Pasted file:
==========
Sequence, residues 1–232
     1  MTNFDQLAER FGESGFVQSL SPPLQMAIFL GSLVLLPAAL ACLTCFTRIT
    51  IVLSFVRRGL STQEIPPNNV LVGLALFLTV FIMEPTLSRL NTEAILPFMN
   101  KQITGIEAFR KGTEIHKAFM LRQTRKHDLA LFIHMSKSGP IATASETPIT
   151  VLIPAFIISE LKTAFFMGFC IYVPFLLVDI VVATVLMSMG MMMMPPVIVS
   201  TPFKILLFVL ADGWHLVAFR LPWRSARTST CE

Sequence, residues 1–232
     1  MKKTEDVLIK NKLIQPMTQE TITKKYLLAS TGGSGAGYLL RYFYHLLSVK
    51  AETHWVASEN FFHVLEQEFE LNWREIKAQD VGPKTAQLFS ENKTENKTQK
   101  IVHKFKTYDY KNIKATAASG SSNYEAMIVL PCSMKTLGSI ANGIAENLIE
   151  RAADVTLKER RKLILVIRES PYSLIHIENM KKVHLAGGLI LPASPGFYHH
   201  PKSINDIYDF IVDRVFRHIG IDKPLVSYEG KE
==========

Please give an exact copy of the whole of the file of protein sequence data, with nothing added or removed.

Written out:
Sequence, residues 1–232
     1  MTNFDQLAER FGESGFVQSL SPPLQMAIFL GSLVLLPAAL ACLTCFTRIT
    51  IVLSFVRRGL STQEIPPNNV LVGLALFLTV FIMEPTLSRL NTEAILPFMN
   101  KQITGIEAFR KGTEIHKAFM LRQTRKHDLA LFIHMSKSGP IATASETPIT
   151  VLIPAFIISE LKTAFFMGFC IYVPFLLVDI VVATVLMSMG MMMMPPVIVS
   201  TPFKILLFVL ADGWHLVAFR LPWRSARTST CE

Sequence, residues 1–232
     1  MKKTEDVLIK NKLIQPMTQE TITKKYLLAS TGGSGAGYLL RYFYHLLSVK
    51  AETHWVASEN FFHVLEQEFE LNWREIKAQD VGPKTAQLFS ENKTENKTQK
   101  IVHKFKTYDY KNIKATAASG SSNYEAMIVL PCSMKTLGSI ANGIAENLIE
   151  RAADVTLKER RKLILVIRES PYSLIHIENM KKVHLAGGLI LPASPGFYHH
   201  PKSINDIYDF IVDRVFRHIG IDKPLVSYEG KE